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Conservative Anglicans Losing Hope in Episcopal Church

Conservative Anglicans in the United States are finding themselves living through an "extended Good Friday," mourning for The Episcopal Church.

The Anglican Communion Network, an orthodox group of Anglicans discontent with The Episcopal Church, began its fourth annual council meeting in Bedford, Texas, on Monday. Over 80 representatives opened the two-day meeting with disappointment in a church many had grown up in.

"Because our sense of order is such that we have always sought to be Christian first and Episcopalian next, we find ourselves on this present Way of the Cross," said the Rt. Rev. Robert Duncan, moderator of the Anglican Communion Network, in his opening address.

A growing number of Episcopal parishes and leaders have left The Episcopal Church, citing the U.S. Anglican branch's departure from Christian orthodoxy and Anglican tradition, particularly the 2003 consecration of an openly gay bishop.

In March, The Episcopal Church reaffirmed its stance welcoming gays and lesbians as an "integral part" of the church and rejected the request of primates (Anglican heads of the 38 Anglican provinces) that it allow Anglican leaders outside the U.S. branch to oversee American dioceses and those unable to accept the authority of the Episcopal Presiding Bishop, Katharine Jefferts Schori. The Episcopal head unapologetically supports ordaining gays and allowing blessing ceremonies for same-sex couples.

Duncan, also bishop of the Episcopal Diocese of Pittsburgh, said the denominational Church that raised him and ordained him "no longer had any room for me, or any like me."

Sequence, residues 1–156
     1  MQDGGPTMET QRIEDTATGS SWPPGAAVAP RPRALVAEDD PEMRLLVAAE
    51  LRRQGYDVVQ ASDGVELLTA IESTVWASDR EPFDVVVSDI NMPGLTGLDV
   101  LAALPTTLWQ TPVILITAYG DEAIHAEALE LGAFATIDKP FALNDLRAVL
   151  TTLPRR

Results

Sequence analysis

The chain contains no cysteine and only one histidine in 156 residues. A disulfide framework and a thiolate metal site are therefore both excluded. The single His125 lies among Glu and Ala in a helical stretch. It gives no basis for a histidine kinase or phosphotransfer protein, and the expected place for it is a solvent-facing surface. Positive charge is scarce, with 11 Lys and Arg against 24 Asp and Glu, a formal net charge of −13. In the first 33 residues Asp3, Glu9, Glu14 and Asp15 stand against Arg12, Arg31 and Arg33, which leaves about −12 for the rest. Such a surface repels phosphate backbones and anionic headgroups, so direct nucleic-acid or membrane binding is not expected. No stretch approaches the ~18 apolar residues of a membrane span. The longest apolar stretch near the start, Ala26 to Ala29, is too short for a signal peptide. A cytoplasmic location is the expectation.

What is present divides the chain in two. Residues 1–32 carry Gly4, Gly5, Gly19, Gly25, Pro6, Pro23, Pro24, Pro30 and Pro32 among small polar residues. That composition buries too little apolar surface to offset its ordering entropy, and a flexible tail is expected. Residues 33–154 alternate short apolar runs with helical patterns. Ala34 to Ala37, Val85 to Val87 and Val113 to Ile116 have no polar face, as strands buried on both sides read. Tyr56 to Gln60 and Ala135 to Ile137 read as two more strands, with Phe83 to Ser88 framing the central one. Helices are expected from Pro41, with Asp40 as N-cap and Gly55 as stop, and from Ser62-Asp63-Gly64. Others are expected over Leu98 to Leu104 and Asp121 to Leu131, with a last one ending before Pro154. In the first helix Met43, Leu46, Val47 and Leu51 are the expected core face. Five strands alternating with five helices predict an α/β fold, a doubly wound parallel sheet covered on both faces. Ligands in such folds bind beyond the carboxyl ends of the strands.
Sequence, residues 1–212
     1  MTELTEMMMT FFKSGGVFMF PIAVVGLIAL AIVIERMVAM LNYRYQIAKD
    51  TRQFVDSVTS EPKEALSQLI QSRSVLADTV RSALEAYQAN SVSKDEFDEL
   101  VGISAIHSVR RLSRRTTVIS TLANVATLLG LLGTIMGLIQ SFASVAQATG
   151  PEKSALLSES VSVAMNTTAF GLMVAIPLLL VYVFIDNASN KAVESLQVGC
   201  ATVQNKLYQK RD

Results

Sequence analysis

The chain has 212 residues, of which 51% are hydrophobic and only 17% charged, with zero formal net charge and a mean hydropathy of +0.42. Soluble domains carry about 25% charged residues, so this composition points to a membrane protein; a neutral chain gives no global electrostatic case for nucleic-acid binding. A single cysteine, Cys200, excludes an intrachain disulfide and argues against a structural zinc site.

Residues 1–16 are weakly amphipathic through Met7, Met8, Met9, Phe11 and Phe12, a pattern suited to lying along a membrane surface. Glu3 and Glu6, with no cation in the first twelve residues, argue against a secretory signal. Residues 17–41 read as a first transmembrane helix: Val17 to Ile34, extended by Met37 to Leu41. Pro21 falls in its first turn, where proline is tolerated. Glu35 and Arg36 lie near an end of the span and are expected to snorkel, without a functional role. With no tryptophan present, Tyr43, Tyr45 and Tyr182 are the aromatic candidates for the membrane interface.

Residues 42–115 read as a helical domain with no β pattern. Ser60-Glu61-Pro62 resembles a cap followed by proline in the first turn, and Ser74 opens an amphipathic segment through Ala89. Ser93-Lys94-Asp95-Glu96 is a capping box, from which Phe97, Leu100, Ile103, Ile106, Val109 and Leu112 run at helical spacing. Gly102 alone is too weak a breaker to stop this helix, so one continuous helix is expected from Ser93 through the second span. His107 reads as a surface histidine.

"How bitter the rejection! How total my failure!" he said on Monday.

"Yes, we are all at different places on the Calvary journey as concerns our ministries in The Episcopal Church. But I suspect I can speak for all when I say that where we are is not where we had hoped to be," said Duncan who believes their fourth annual meeting is being held amid a "seismic shift" when more bishops and priests have left the U.S. church body.

The Anglican Communion Network was birthed in March 2004 and is currently comprised of over 900 parishes and over 2,200 clergy. Last month, Duncan invited conservative leaders and major breakaway Anglican groups to initiate discussions on forming a separate Anglican structure in the United States and take their "Common Cause Partnership" to the next level. Although The Episcopal Church expressed desire to remain in the Anglican Communion, Duncan believes the U.S. branch will "walk apart" from the global communion. A meeting for the discussion is scheduled for Sept. 25-28.

"[F]ew in this hall anticipate that The Episcopal Church will turn around in the last days before September 30th, or that The Episcopal Church has any intention of leaving room for those of us whose commitments to 'the Faith once delivered' created the Anglican Communion Network and have sustained its vision and its witness," said Duncan at this week's council meeting.

The Episcopal Church has been given a Sept. 30 deadline to unequivocally pledge not to consecrate another openly gay bishop or authorize official prayers for same-sex couples. Episcopal leaders, including Jefferts Schori, have indicated that they will not "retreat" from their 2003 decision and stance supporting homosexuals.

"God, in His wisdom, has not used us to reform The Episcopal Church, to bring it back to its historic role and identity as a reliable and mainstream way to be a Christian. Instead The Episcopal Church has embraced de-formation – stunning innovation in Faith and Order – rather than reformation," Duncan stated.

The worldwide Anglican Communion rejects homosexual practice as incompatible with Scripture but at the same time calls its people to minister pastorally to all, including homosexuals.

Amid deepened divisions within The Episcopal Church and impaired relations with Anglican provinces overseas, some believe the Anglican Communion is on the brink of schism. And the Anglican spiritual head, Archbishop of Canterbury Rowan Williams, is not fully confident the global body can get it together.

"We do not know how long our trial will be," said Duncan, "but we trust our Heavenly Father."

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